News is just out that they’re planning a sequel to Blade Runner, which was released in 1982. So as belated follow-ups go, Ab Tak Chhappan 2 isn’t all that belated. Still, the decision to add another chapter to Shimit Amin’s 2004 film (this one is directed by Aejaz Gulab) is a curious one. It was neither a blockbuster, not a cult film – so why bother? Especially now, when the gangster genre that Ram Gopal Varma birthed is all but dead. Those stories about straight cops, crooked politicians and ruthless gangsters were fresh then – but no longer. Why didn’t they simply cash in on the first film’s success a few years later, when the protagonist, the encounter cop Sadhu Agashe (Nana Patekar), was still relatively young and would have been able to unleash more mayhem, with a bigger body count? They could have called it Ab Tak 112.
But this long wait has given us a slightly different Sadhu Agashe. The encounter cop in his prime is now a retired man in a village in Goa. And what a retired life it is, filled with fishing on calm waters, an endless supply of coconut water, games with the local kids, and the sounds of son Aman (Tanmay Jahagirdar) playing the piano. Sadhu asks Aman about the words he’s going to fit into a new tune. Aman says he hasn’t thought about the lyrics yet. Sadhu says the words should come first, then the tune. Clearly, he has no experience with the way songs are composed for films.
But this idyll must come to an end – otherwise there’s no movie. After some very generic exposition about the underworld, the big shots in Mumbai decide that Sadhu needs to be brought back to clean up crime. He refuses at first. He only cares about himself, his son, the people around him – he doesn’t care what happens outside. But of course he does. Aman reminds him that there’s still a cop under this man pretending to be at peace fishing and sipping coconut water. And thus we’re whisked back into the territory of the earlier film, where cops shoot first and ask questions later.
Ab Tak Chhappan 2 is perfectly serviceable, but that’s about it. We get several action sequences – in a cowshed, in a public toilet, outside a brothel – but we don’t know who’s being shot, how important they are in the overall scheme of the underworld. The only gangster who’s detailed to some extent is Rawle (Raj Zutshi), who putters about in a motorized wheelchair and has the kind of conversations with Sadhu that another gangster did in the first film. As for the good guys, they’re delineated in a few quick strokes. One cop in Sadhu’s team is overweight. Another is celebrating his wedding anniversary. In these films, it’s always some cop’s wedding anniversary.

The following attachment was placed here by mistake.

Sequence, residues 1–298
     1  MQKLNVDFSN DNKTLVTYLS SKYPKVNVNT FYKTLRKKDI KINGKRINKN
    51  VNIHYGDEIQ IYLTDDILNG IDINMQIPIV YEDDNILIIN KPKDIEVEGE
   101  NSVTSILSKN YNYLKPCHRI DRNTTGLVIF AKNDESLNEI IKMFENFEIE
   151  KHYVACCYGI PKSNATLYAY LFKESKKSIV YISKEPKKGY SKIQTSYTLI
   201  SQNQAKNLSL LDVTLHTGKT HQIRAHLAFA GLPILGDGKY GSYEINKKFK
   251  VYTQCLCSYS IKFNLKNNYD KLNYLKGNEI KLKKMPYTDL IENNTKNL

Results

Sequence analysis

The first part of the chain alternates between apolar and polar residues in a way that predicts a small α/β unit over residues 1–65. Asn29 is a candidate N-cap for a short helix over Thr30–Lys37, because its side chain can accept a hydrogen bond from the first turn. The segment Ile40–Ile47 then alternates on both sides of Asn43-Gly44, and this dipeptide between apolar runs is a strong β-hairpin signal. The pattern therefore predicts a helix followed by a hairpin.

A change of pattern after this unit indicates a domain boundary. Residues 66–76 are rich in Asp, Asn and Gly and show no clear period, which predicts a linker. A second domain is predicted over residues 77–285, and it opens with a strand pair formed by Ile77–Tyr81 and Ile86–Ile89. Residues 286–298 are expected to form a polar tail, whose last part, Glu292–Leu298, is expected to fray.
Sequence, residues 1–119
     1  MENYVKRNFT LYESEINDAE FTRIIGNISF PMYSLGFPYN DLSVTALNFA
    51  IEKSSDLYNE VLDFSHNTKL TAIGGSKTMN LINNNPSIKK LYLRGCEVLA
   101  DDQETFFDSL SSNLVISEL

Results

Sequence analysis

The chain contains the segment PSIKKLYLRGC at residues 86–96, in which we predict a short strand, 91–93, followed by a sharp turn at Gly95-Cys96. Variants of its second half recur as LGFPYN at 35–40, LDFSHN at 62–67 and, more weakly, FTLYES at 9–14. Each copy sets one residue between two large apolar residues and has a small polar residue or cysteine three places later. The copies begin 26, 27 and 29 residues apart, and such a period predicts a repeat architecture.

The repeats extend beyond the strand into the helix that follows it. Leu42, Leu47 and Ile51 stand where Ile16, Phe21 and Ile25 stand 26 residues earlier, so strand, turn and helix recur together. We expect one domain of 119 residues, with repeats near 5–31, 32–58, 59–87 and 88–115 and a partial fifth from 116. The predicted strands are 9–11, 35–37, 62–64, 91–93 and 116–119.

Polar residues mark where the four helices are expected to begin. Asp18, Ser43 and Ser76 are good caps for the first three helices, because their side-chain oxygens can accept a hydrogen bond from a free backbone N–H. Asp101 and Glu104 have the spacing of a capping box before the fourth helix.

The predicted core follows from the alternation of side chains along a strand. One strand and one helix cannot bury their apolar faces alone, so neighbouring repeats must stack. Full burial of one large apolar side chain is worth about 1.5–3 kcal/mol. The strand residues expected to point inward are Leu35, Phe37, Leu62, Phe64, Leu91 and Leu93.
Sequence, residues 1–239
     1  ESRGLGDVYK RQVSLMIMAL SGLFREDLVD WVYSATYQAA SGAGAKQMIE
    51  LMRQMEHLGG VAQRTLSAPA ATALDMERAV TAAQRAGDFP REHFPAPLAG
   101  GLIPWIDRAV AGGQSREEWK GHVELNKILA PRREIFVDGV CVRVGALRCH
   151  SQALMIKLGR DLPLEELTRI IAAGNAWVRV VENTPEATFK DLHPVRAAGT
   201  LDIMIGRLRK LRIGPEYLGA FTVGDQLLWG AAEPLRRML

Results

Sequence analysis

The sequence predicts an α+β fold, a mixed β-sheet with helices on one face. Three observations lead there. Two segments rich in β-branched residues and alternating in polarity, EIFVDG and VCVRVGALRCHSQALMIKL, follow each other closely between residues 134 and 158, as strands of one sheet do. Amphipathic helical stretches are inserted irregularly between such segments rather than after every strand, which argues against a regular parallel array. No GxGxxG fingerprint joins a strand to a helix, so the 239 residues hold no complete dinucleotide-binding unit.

But it is nice to see Nana Patekar again. The best scenes in the film involve his conversations with Aman – while making an omelet; while chopping vegetables – and with Shalu (Gul Panag), a crime reporter who’s trying to complete a book on encounter cops that her father started writing. I wish this had been the movie – the story of how a former encounter cop is now transformed into an ordinary “middle-class baap,” worrying about his son’s decision to make a profession out of his passion. Patekar’s performing style is so often about heavy-duty histrionics that it’s a pleasure to be reminded how good he can be even at low volumes. When his superior remarks about his physical fitness at this age, Sadhu says, “Goli umar nahin dekhti. Pata nahin kab zaroorat pade.” (Bullets don’t care how old you are. You never know when this physique will prove useful.) Later, after a tragedy, he tells the people who’ve come to commiserate: “Hamdardi nahin chaiye. Thanks for coming.” (I don’t need your sympathy.) One’s a lightweight line. The other one is drenched in sorrow. But both come off in an even tone, befitting a man who won’t let his emotions show. If nothing else, I hope this film is a reminder to filmmakers that Patekar’s still out there, and a long way from retired.
- Ab Tak Chhappan= 56 kills so far
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